Manty Bar in Bishkek

Manty Bar in Bishkek

Published: July 21, 2014

Manty Bar/Манты Бар
108B Sholokova St./ул. Шолокова 108В
Entrées from 140 som ($2.75)

Potatoes are my favorite food; wrap them up in a dumpling, and I’m in heaven. Throughout my travels, I’m always keen to sample local dumpling varieties and especially happy when they include potatoes in the filling. Perhaps you can guess the first thing I ordered at the Manty Bar in Bishkek?

Manty are steamed or boiled dumplings common across Central Asia. Here in Bishkek, you’ll find them sold by street vendors and in bazaars and restaurants. The filling traditionally includes meat, onions, and spices with the occasional potato, however nicer restaurants will often offer a choice of fillings. The Manty Bar was opened with just that intention.

Located across the street and around the corner from the large shopping mall ЦУМ/TsUM, the Manty Bar was a little hard to find at first. Just follow the signs for manty though, and you’re on the right track. Sandwiched between giant commercial megastores, within a Soviet-era apartment block storefront, and next to a run-down clothing store is the shiny, remodeled restaurant. The interior is sleekly decorated in oranges and browns, and the décor gives a nod to traditional Kyrgyz culture with felt wall hangings, shyrdak symbols, and yurt imagery. On a Friday evening the restaurant was busy, with one section reserved for a party and nearly every other table taken. Clearly Manty Bar is a hit with locals, which is always a good sign.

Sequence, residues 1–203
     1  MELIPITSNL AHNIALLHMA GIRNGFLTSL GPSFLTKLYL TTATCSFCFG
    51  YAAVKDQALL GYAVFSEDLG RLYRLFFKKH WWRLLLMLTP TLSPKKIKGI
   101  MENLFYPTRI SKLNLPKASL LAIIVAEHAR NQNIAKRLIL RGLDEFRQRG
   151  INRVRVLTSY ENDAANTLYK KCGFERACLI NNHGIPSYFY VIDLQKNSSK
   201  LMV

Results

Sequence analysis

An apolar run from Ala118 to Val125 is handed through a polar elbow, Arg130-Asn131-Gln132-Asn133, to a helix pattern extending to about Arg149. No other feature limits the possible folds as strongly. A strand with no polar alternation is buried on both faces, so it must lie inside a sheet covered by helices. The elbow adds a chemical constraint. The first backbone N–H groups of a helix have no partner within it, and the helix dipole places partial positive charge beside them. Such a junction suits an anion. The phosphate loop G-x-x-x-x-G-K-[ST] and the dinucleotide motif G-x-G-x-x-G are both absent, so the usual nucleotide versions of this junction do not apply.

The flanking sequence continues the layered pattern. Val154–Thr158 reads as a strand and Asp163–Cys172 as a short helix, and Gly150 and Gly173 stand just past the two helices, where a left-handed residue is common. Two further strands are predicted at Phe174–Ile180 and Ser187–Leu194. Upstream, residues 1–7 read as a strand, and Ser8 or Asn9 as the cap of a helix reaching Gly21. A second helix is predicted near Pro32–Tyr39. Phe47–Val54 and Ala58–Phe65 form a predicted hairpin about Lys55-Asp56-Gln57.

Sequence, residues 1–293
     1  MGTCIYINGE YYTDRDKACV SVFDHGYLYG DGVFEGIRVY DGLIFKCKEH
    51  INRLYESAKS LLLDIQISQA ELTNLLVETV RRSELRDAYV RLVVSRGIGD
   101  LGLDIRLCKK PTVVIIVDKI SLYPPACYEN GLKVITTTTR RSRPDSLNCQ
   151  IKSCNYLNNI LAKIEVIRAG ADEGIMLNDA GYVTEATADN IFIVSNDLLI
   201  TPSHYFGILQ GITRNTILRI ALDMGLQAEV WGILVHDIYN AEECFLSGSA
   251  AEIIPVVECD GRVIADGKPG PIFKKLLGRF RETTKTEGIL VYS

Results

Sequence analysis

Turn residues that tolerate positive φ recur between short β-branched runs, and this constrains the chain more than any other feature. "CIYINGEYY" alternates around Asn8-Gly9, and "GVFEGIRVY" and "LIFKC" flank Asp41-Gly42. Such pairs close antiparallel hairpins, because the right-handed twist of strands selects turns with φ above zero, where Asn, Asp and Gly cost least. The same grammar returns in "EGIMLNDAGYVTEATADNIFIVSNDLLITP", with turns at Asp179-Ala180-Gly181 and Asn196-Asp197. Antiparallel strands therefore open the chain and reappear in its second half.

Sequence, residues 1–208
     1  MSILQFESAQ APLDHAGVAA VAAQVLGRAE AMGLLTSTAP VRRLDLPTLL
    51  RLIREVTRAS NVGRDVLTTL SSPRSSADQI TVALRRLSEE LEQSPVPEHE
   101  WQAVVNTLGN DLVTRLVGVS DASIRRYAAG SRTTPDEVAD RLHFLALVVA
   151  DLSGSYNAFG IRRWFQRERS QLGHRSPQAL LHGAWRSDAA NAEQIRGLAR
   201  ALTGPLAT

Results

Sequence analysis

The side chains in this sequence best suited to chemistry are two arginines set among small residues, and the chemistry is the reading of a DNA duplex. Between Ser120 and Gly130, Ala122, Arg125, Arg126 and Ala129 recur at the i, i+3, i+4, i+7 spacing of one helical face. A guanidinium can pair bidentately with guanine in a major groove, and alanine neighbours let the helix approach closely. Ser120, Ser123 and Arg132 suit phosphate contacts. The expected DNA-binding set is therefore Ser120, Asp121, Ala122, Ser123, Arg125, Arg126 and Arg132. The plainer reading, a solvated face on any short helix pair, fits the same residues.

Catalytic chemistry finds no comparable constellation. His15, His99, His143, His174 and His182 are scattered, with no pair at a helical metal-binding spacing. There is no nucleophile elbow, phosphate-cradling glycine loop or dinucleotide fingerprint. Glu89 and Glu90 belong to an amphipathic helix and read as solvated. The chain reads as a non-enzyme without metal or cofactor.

Now, for a restaurant named Manty Bar, I was a little disappointed that the menu only featured five varieties of manty. The oft-praised but elusive pumpkin manty was on the menu but is only available in the fall, leaving four selections to choose from: two varieties of meat, chive, or potato. Our group of four ordered three rounds of manty for the table, along with three salads. The manty were delicious. Of course, I loved the potato, but the meat and chive were very good as well. Not necessarily much different than what you would find at other restaurants in the city, but very tasty. The biggest surprise, however, were the salads. Piled with fresh greens, vegetables, delicious dressings and even parmesan cheese, the salads were a welcome change from the little plates of shredded carrot or cabbage common in the former Soviet Union. Plus, they were gigantic: easily three times bigger than salads at most other restaurants.

For groups and faculty-led tours I recommend Manty Bar, though I would call ahead to reserve tables. In addition to manty, they also offer a variety of national dishes, including samsy and beshbarmak.

About the author

Lauren Bisio

Lauren Bisio is an MA candidate in Russian, Eurasian and East European Studies at the Harriman Institute, Columbia University. Her research interests include post-Soviet national identity, material culture and handicraft traditions, and the development of the NGO sector in post-communist countries. She is spending summer 2014 in Bishkek as an intern at the Union of the Artistic Crafts through SRAS's NGO and Cultural Internship Program.

Program attended: Challenge Grants: Funding for Study Abroad

View all posts by: Lauren Bisio